# Isomorphism of quotients of powers of maximal ideals

Let $R$ be an integral domain, and $\mathfrak{m}$ a maximal ideal of $R$. Let $R_\mathfrak{m}$ denote the ring localized at $\mathfrak{m}$, and let $\mathfrak{m}_\mathfrak{m} = \mathfrak{m}R_\mathfrak{m}$ denote the maximal ideal of $R_\mathfrak{m}$.

Then we have an isomorphism $$R/\mathfrak{m}^n \cong R_\mathfrak{m}/\mathfrak{m}_\mathfrak{m}^n,$$ for $n \geq 1$. (See for example Neukirch, Algebraic Number Theory, pg. 66).

My question:

Can this result extend to an isomorphism $$\mathfrak{m}^k/\mathfrak{m}^n \cong \mathfrak{m}_\mathfrak{m}^k/\mathfrak{m}_\mathfrak{m}^n,$$ for $1 \leq k \leq n$? It would seem the proof goes through, but I wanted to check with the experts, since I hadn't seen this result explicitly written down before.

2nd question (added later):

Is the "integral domain" condition really necessary to either Neukirch's result or the other one I suggested?

Yes, $\mathfrak{m}^k/\mathfrak{m}^n \cong \mathfrak{m}_\mathfrak{m}^k/\mathfrak{m}_\mathfrak{m}^n$.

This immediately results from the commutative diagram $$\begin{array} 00 & \longrightarrow \mathfrak{m}^k/\mathfrak{m}^n\longrightarrow & R/\mathfrak{m}^n & \longrightarrow & R/\mathfrak{m}^k& \longrightarrow 0\\ & \quad \quad \downarrow & \downarrow \cong & & \downarrow \cong\\ 0 &\longrightarrow \mathfrak{m}_\mathfrak{m}^k/\mathfrak{m}_\mathfrak{m}^n\longrightarrow & R_\mathfrak{m}/\mathfrak{m}_\mathfrak{m}^n & \longrightarrow & R_\mathfrak{m}/\mathfrak{m}_\mathfrak{m}^k& \longrightarrow 0 \end{array}$$ Since you know that the the two rightmost vertical maps are isomorphisms, the leftmost vertical map is also an isomorphism, by the snake lemma (say).

• Thanks! That's very nice. Aug 28, 2013 at 22:08
• You are welcome, John. Aug 28, 2013 at 22:10

I suggest a different approach in order to prove that $\mathfrak{m}^k/\mathfrak{m}^n \simeq \mathfrak{m}_\mathfrak{m}^k/\mathfrak{m}_\mathfrak{m}^n$ which also contains the case $k=0$.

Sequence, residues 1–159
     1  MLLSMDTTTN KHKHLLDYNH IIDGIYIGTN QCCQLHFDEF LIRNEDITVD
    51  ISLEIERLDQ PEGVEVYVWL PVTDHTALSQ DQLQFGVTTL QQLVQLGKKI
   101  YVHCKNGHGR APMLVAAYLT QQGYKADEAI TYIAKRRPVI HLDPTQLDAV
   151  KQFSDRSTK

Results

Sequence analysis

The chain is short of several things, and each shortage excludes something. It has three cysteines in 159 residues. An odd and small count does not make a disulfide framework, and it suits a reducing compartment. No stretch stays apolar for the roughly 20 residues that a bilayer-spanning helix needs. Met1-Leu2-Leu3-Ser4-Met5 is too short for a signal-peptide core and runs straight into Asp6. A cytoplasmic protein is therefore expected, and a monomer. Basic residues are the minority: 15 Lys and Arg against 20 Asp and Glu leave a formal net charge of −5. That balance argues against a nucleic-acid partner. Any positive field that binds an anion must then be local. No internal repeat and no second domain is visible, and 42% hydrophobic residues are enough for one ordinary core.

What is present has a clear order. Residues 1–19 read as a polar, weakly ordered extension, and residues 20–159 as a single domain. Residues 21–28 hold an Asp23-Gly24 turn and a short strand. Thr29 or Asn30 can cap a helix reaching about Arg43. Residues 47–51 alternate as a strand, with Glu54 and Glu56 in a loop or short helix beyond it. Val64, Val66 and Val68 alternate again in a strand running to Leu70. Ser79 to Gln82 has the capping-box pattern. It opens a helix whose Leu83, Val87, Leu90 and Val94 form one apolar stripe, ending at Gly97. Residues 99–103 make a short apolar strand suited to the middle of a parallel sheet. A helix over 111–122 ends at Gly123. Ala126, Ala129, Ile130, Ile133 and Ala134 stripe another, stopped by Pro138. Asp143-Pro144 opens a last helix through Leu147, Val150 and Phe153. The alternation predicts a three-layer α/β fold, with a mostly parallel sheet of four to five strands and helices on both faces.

Obviously $\mathfrak{m}_\mathfrak{m}^k/\mathfrak{m}_\mathfrak{m}^n$ is isomorphic to $S^{-1}(\mathfrak{m}^k/\mathfrak{m}^n)$, where $S=R-\mathfrak m$. If we set $M=\mathfrak{m}^k/\mathfrak{m}^n$ we have to prove that $M\simeq S^{-1}M$. But $\mathfrak m^tM=0$ for $t=n-k\ge 1$, and thus $M$ is in fact an $\overline R=R/\mathfrak m^t$-module. Now we can replace $S$ by $\overline S=\overline R-\overline{\mathfrak m}$ and let us see what we have now:

$\overline R$ is a local ring with maximal ideal $\overline{\mathfrak m}$, $\overline S=\overline R-\overline{\mathfrak m}$, and $M$ an $\overline R$-module. We want to prove that $M\simeq\overline{S}^{-1}M$.

But there is nothing to prove once we note that $\overline S=U(\overline R)$.

• Thanks. Perhaps you could elaborate a bit on why $M\simeq\overline{S}^{-1}M$ implies $M\simeq S^{-1}M$? Is that automatic? Or is there something to show there? Aug 29, 2013 at 16:33
• @JohnM $S^{-1}M$ is isomorphic to $\overline{S}^{-1}M$ canonically, that is, by sending $x/s$ to $x/\overline s$. (Take into account that $\overline ax:=ax$.)
– user26857
Aug 29, 2013 at 16:36

Well I found this result in Milne's Commutative Algebra notes, Prop 5.8, and the ring need not be either Noetherian or an integral domain.

• Nevertheless, thanks for your answer and posting the diagram! Aug 29, 2013 at 0:14